There is a way to fix this, to repair my mistake, to determine if my shots really should have missed, and that is fair to both players. It's a good trick, and you don't even have to do any math to use it.

But you might have to roll a lot of dice. ---> More after the fold --->

The trick is to use conditional probability, an application of Bayes Law to correct the mistake. We are not going to do the calculations though, the dice will take care of that for us. To make this work, you need to know two things: The first condition in which you were first rolling the dice (the error), and what the correct and second condition should have been. It works like this: Recreate the first event (the wrong one) by rolling the dice until you get the same result (success, or failure) as the first time. Next apply the second (correct) condition to the same roll, possibly changing the first outcome. The procedure changes the result from the original roll with the probability needed to correct the original error.

Here is a really simple example using a success-roll on a single six-sided die to show how this is done. You might spot some ways to make it even simpler.

Example 1: You roll 1d6 needing 4, 5, or 6 to succeed, and you do succeed. Later you realize that was a mistake, and it should have been just 5 or 6 to succeed. You do not remember what the actual roll was, only that it was successful (therefore a 4, 5, or 6). To correct the mistake roll the die again, re-rolling any results of 1,2,or three. You should now have a die with a 4, 5, or 6 showing. If the die shows a 5 or 6, keep the original result, if it is a 4, change the result to a failure.Now a little math: The first roll had a 50% probability of success (3 out of 6), but should have been ~33% (2/6 or 1/3). After re-rolling the die until you get 4, 5,or 6, the probability of 5 or 6 is ~67% (2/3), and ~33% (1/3) of a 4. The probability that this second roll is a success (2/3) given that you know the first roll succeeded (50%) is 0.5 times 0.67, or ~33%, which gives you the correct probability of success (1/3) as if you had done it right in the first place.

That may have been a little overly-complicated. If you followed the math you know this could have been done with only one additional die roll, which would be much simpler. I did it this way because the same procedure works no matter what sort of dice you are using. Try this on my original example.

Example 2 (my opening example): Dan rolled and hit with two medium lasers needing 7+ on 2d6. Later he realizes the base of the Jenner miniature he was shooting at obscured a light woods (a +1 modifier), and he should have rolled with 8+ to-hit. Dan then approaches Scott to correct his mistake. He rolls for the first laser getting a 10 on the first try, and this remains a hit. The rolls for the second laser, re-rolling several results less than 7, and finally gets a 7. This result is changed to a miss, and Scott erases the appropriate damage from the record sheet.Now the math: The probability of rolling 7+ on 2d6 is 21/36, for 8+ is 15/36, and of rolling exactly 7 is 6/36. Given that my first roll(s) were at least 7 (I know that, because they hit) the conditional probability distribution of my second roll becomes 1/21 chance of a 12, 2/21 chance of 11, 3/21 chance of 10, 4/21 chance of 9, 5/21 chance of 8, and 6/21 chance of 7 and the conditional probability of 8+ is now (adding things up) 15/21. The probability of my first roll (21/36) times the probability of the conditional roll (15/21) is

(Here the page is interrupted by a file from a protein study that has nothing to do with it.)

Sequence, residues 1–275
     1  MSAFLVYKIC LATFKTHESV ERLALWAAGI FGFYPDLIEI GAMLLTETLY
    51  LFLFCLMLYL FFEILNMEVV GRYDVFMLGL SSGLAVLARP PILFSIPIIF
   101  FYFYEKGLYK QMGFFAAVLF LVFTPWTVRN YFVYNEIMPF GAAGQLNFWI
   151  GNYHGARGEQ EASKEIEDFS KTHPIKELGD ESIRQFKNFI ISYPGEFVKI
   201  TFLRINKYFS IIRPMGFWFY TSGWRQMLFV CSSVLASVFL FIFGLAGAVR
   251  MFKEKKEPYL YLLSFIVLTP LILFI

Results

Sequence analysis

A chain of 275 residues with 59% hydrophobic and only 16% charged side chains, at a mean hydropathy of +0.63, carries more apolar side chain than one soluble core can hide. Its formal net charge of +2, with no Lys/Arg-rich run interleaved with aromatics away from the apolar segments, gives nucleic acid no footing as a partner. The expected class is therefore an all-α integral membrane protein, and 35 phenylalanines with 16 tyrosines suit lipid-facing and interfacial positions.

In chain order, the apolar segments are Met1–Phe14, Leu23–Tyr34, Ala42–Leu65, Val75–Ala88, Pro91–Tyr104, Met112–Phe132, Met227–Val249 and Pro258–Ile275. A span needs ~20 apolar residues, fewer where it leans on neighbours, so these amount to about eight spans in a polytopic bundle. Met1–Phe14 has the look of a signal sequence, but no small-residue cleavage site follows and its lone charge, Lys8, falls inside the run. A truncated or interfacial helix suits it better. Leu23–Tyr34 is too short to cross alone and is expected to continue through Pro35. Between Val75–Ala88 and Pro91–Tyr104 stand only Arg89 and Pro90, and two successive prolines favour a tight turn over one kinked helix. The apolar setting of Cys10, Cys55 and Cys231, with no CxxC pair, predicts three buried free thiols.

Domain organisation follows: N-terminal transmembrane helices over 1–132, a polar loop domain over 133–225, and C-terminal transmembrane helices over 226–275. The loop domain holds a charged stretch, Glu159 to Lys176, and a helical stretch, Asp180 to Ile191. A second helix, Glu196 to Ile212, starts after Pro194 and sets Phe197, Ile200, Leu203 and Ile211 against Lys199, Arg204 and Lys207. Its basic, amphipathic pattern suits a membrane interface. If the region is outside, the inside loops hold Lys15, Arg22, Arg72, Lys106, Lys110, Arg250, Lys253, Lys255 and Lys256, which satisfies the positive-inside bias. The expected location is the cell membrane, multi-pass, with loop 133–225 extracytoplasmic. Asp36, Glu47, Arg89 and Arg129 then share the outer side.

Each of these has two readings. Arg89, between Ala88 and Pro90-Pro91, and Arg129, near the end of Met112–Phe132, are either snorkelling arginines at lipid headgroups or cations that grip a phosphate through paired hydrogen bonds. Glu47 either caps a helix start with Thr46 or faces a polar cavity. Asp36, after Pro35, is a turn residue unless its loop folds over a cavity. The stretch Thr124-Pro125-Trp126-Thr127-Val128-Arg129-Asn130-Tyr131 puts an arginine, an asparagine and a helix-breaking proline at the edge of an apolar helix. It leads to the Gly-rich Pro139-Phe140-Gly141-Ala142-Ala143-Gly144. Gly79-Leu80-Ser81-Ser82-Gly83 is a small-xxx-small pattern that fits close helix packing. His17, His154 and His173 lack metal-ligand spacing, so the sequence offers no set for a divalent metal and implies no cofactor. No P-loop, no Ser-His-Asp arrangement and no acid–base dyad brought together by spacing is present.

(21/36) * (15/21) = 15/36 --> The probability I should have used in the first place (Hooray!).

Conditional probability is confusing to a lot of people, usually because they do not consider all the event-probabilities that lead to the final outcome. If you use most obvious way to correct a mistake -

**a simple re-roll**where you ignore the first result and roll again correctly - the player faces a sort of double jeopardy, and has to succeed on two different rolls. The chance of rolling both 7+ and 8+ is (21/36) times (15/36) = (315/1296) or ~24.3%, considerably less that the (15/36) = ~41.7% probability that results if you ignore the result of the first roll.

Conditional dice rolls also work to correct mistakes in failed rolls, and here the unfairness of the

**simple re-roll**is more evident.

Example 3a: Dan rolls to hit at 8+ on 2d6 and misses. Later he realizes the roll should have been at 7+, and talks Scott into giving him a new roll, throwing out the first result (the miss) and replacing it with the result of the second roll. Dan now has a 21/26 chance of hitting with the second roll, but this ignores that Dan already had one chance of hitting which failed. Dan is essentially getting a free re-roll, which is unfair to Scott.Now let's redo Example 3 with conditional probability, and this time just a little math.

Example 3b: Dan rolls to hit at 8+ on 2d6 and misses. Later he realizes the roll should have been at 7+, and Scott agrees to a conditional re-roll. Dan and Scott figure out the difference between the two rolls is just the probability of rolling exactly 7 on 2d6, which is 6/36 or 1/6. Scott agrees that Dan should roll 1d6, and if the results is a 6, to change the miss into a hit.One assumption I am using for all these examples is that there is

*no memory*at all of what the first roll might have been. What if you don't recall exactly what the roll was, but maybe you know it was "more than 5", or "one die was a 6"? You can take this sort of partial information into account too, and probably should. I'll save that for part 2, where I contemplate Conditional Dice Rolls with Partial Information.

[EDIT] - As noted in the comments, there is an additional assumption that there is nothing else that happens in between that cannot be undone. If players make decision based on the outcome, if becomes especially difficult to go back and fix it.